Munich Re’s capital requirement jumped 19% in 2019

Falling interest rates forced German reinsurer Munich Re’s solvency capital requirement (SCR) higher last year, contributing to a 13 percentage point decline in its Solvency II ratio.

The firm’s SCR climbed to €17.5 billion ($18.7 billion) at end-2019 from €14.7 billion the year prior. The insurer said that last year’s slide in interest rates added a net €2.2 billion.

This effect was spread across SCR risk categories. The market risk SCR increased 10% to €10.1 billion over the year, and makes up the largest single component of its overall capital requirement. The property and casualty SCR climbed 16% to €8.8 billion and the life and health SCR 21% to €6.4 billion. Life insurance capital requirements are highly sensitive to interest rate movements, as the present value of long-term policyholder obligations are discounted using rate curves.


Munich Re’s Solvency II ratio – its eligible own funds divided by its SCR – declined to 237% from 245% at end-2018. Without planned dividends and buybacks, however, it would be 250%.

Eligible own funds hit €41.5 billion, up 15% on end-2018.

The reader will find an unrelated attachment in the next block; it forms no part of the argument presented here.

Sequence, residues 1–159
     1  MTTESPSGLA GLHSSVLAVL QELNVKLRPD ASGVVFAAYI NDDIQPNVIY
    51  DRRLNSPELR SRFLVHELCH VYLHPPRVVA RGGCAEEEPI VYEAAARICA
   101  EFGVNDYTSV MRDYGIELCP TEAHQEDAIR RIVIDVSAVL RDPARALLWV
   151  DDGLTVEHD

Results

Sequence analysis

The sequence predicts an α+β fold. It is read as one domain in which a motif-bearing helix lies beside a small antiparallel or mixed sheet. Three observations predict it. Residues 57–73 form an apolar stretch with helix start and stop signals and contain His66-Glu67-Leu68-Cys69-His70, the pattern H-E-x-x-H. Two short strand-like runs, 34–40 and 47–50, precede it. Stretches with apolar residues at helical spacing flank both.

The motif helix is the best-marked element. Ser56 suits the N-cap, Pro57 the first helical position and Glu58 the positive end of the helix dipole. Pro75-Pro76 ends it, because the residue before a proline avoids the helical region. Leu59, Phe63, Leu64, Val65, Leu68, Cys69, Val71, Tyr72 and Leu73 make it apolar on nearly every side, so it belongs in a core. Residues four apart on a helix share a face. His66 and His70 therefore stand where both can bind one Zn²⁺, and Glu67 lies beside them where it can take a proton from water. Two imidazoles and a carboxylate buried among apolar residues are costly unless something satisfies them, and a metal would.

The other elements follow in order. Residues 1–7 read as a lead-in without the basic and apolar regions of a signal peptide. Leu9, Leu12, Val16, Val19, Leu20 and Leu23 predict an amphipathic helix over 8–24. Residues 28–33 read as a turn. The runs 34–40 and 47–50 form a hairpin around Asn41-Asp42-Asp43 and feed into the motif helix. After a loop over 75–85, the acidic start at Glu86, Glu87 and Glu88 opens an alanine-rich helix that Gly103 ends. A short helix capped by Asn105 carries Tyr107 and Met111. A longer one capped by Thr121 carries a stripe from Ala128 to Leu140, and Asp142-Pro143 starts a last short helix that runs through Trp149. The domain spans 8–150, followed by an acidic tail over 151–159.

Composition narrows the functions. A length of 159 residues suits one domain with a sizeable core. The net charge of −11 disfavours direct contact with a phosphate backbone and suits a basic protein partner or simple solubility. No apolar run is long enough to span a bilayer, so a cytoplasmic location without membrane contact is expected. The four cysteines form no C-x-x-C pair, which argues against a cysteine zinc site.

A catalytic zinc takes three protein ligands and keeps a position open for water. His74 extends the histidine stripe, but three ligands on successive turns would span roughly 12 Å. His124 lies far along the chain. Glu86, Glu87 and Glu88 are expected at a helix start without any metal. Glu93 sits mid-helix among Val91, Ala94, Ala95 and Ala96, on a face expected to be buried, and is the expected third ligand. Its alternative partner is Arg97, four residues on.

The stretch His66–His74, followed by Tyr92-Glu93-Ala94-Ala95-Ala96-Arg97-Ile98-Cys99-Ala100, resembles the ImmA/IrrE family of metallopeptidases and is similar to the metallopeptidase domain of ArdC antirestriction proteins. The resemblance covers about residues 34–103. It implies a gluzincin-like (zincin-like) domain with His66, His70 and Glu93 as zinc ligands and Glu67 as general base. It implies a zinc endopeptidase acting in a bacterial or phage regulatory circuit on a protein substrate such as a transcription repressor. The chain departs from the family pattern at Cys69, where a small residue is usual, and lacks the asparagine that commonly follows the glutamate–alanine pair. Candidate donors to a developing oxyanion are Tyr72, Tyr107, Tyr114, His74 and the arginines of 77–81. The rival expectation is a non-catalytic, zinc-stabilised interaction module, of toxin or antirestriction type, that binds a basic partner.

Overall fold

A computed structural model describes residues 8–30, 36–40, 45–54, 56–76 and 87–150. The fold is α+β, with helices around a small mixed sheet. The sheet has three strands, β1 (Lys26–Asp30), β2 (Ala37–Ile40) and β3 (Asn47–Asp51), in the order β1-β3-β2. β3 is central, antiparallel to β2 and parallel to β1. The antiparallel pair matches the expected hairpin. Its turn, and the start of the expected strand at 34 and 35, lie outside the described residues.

What is it? 

An insurer’s Solvency II ratio is found by dividing its eligible own funds by its solvency capital requirement (SCR). The latter is calculated as the amount of own funds needed for a firm to honour policyholder obligations after a one-in-200-year stress event. The SCR is calibrated to each insurer’s risk profile, either through the application of a regulator-set standard formula or the use of a firm’s own internal model.

Why it matters

The European Central Bank’s deposit rate was cut to -0.5% in September 2019 and has languished in negative territory since 2014. This inflicted a cost on insurers with large life books, as the present value of liabilities is pushed higher as rates decline. Duration risk also increased, as the proceeds of fixed income instruments now have to be reinvested in lower-yielding securities.

Rates are being cut dramatically around the globe in response to the coronavirus crisis, though the ECB has yet to join it. An insurer with Munich Re’s global footprint is sure to see its SCR vault further in response.

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